Cache tuning

Most performance issues in Enterprise applications arise from data access, hence caching data is one of the most important tuning techniques.

The current release of the application server uses Infinispan as distributed caching provided and you can use it to cache anything you like.
In particular, you can use it as second-level caching provider by adding the following configuration in your persistence.xml file:


 <property name="hibernate.cache.use_second_level_cache" value="true"/>
 <property name="hibernate.cache.use_minimal_puts" value="true"/>

Second-level caching is intended for data that is read-mostly. It allows you to store the entity and query data in memory so that this data can be retrieved without the overhead of returning to the database.
On the other hand, for applications with heavy use of write operations, caching may simply add overhead without providing any real benefit.
In order to cache entities, you can use the @javax.persistence.Cacheable in conjunction with the shared-cache-mode element of persistence.xml. When you have enabled a selective cache of your entities, the @Cachable annotation will load entities into the Hibernate second-level cache.
If you want to monitor the cache statistics, you can use the following property in your persistence.xml file, which will expose the cache statistics via JMX:

<property name="hibernate.cache.infinispan.statistics" value="true"/>

A very simple way to check the MBeans exposed by AS 7 is starting the JConsole application and choosing the Mbeans tab in the upper area of the application:

jboss 7 performance tuning book
The following table describes synthetically the meaning of the statistics provided by Infinispan's cache:

Attribute Description
Evictions Number of cache eviction operations
RemoveMisses Number of cache removals where keys were not found
ReadWriteRatio Read/writes ratio for the cache
Hits Number of cache attribute hits
NumberofEntries Number of entries currently in the cache
StatisticsEnabled Enables or disables the gathering of statistics by this component
TimeSinceReset Number of seconds since the cache statistics were last reset
ElapsedTime Number of seconds since cache started
Misses Number of cache attribute misses
RemoveHits Number of cache removal hits
AverageWriteTime Average number of milliseconds for a write operation in the cache
Stores Number of cache attribute put operations
HitRatio Percentage hit/(hit+miss) ratio for the cache
AverageReadTime Average number of milliseconds for a read operation on the cache

Evicting data from the cache is also fundamental in order to save memory when cache entries are not needed anymore. You can configure the cache expiration policy, which determines when the data will be refreshed in the cache (for example, 1 hour, 2 hours, 1 day, and so on) according to the requirements for that entity.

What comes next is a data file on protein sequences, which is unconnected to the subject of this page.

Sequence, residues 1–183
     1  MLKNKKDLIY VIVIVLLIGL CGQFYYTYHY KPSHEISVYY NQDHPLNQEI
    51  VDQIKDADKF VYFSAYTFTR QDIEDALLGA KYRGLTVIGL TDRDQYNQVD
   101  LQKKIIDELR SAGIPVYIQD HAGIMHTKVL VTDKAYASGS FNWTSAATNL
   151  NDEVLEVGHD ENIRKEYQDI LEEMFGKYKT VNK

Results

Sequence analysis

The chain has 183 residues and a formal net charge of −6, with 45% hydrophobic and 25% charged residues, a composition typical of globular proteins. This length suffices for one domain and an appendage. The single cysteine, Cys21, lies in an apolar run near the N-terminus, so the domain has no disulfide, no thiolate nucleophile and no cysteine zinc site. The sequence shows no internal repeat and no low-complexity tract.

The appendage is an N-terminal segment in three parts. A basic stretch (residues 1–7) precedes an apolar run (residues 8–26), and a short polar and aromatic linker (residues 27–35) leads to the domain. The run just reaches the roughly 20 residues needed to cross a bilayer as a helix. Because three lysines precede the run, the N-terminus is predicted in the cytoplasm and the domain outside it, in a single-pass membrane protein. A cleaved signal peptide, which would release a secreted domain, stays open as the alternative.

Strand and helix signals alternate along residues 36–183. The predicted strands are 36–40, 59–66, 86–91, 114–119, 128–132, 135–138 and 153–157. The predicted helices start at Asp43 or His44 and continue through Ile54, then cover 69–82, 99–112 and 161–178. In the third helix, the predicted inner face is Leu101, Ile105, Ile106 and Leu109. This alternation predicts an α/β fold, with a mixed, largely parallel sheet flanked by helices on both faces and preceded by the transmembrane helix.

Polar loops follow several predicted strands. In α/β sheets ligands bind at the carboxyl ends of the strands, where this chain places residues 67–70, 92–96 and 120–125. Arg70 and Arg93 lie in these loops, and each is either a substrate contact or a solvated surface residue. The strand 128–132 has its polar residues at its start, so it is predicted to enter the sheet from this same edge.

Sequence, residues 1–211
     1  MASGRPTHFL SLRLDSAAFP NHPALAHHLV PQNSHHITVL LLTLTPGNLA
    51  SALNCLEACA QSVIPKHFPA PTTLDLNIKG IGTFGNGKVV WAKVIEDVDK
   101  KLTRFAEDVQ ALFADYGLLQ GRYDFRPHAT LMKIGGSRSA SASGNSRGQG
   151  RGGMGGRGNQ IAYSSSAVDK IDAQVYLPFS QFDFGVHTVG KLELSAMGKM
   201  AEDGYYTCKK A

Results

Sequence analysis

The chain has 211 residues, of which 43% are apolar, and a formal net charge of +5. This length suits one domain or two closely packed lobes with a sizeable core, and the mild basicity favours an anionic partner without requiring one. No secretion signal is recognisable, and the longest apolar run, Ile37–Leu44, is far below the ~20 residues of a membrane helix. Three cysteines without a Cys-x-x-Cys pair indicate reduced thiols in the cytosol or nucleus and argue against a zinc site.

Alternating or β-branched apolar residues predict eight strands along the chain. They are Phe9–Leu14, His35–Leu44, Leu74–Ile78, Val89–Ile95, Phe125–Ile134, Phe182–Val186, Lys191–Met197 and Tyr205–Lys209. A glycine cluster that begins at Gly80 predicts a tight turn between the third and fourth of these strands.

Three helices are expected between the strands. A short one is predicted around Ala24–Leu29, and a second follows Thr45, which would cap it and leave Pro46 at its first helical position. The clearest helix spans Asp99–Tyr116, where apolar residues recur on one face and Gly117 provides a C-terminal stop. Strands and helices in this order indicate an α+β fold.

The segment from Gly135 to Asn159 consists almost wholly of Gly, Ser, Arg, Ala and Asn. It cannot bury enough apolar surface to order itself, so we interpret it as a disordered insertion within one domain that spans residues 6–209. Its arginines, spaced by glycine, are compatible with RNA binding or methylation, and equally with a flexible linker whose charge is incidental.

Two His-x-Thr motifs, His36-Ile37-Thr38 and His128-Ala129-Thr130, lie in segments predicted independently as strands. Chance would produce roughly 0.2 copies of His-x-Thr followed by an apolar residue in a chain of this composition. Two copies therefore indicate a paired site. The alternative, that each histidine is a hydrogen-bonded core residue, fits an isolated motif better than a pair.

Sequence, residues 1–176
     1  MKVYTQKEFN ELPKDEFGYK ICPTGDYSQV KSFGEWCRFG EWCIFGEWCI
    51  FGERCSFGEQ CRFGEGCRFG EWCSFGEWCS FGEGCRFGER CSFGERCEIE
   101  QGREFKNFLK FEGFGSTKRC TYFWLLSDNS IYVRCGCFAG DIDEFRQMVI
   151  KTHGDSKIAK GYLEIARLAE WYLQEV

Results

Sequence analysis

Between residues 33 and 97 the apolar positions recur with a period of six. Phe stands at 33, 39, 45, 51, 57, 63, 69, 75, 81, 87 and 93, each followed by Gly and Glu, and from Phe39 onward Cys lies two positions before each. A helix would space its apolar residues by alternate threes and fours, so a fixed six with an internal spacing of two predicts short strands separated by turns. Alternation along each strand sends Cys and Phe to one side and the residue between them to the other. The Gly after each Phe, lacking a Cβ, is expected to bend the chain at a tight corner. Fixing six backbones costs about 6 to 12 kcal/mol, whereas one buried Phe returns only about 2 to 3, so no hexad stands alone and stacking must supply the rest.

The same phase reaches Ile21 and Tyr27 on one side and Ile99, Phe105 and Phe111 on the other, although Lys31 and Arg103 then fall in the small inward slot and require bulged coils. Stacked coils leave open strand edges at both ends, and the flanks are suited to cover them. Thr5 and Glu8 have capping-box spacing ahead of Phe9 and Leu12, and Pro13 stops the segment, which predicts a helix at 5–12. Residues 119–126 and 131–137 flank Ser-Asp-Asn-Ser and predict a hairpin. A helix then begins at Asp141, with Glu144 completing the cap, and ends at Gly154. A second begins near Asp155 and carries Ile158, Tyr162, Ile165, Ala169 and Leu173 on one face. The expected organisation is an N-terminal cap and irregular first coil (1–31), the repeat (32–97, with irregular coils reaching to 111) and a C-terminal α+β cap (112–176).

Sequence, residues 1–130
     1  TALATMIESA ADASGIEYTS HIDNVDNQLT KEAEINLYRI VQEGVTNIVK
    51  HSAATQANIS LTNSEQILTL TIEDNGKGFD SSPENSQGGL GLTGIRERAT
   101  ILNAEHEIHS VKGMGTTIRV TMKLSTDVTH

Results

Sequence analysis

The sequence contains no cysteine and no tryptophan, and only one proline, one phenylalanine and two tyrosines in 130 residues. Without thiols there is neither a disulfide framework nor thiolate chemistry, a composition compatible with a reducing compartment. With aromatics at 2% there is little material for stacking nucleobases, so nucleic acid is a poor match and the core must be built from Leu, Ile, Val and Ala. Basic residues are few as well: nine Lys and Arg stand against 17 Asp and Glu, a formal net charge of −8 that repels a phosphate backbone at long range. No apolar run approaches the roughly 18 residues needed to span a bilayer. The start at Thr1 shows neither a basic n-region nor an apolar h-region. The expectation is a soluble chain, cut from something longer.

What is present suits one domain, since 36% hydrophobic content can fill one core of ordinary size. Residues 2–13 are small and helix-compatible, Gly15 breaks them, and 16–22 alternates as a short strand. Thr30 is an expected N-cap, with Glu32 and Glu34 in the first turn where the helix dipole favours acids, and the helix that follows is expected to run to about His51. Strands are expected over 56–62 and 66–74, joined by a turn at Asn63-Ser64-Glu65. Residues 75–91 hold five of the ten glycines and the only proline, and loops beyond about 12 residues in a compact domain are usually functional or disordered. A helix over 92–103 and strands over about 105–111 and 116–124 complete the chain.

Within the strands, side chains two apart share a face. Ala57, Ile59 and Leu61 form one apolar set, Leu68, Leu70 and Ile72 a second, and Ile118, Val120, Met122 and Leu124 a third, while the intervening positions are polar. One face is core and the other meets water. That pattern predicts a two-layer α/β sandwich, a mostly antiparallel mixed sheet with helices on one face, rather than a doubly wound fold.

Configuring data eviction can be done either programmatically (see Infinispan documentation for examples about it: or in your configuration file. For example, here's a sample configuration which could be added to your persistence.xml to configure data eviction:

<property name="hibernate.cache.infinispan.entity.eviction.strategy"
 value= "LRU"/>
<property  name="hibernate.cache.infinispan.entity.eviction.wake_up_interval" value= "2000"/>
<property name="hibernate.cache.infinispan.entity.eviction.max_entries"
 value= "5000"/>
<property name="hibernate.cache.infinispan.entity.expiration.lifespan"
 value= "60000"/>
<property name="hibernate.cache.infinispan.entity.expiration.max_idle"
 value= "30000"/>

  And here's a description for the properties which are contained in the configuration file:

Property Description
hibernate.cache.infinispan.entity.eviction.strategy The eviction strategy used by Infinispan. Can be either UNORDERED, FIFO, LIFO, NONE.
hibernate.cache.infinispan.entity.eviction.wake_up_interval The time (ms) interval between each eviction thread runs.
hibernate.cache.infinispan.entity.eviction.max_entries The maximum number of entries allowed in a cache (after that, eviction takes place).
hibernate.cache.infinispan.entity.expiration.lifespan The time expiration (ms) of entities cached.
hibernate.cache.infinispan.entity.expiration.lifespan The time expiration (ms) of entities cached.

Hungry for Tuning?

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Other tuning resources:

JBoss Performance Tuning part 1

JBoss performance tuning part 2

WildFly performance tuning

Web services performance tuning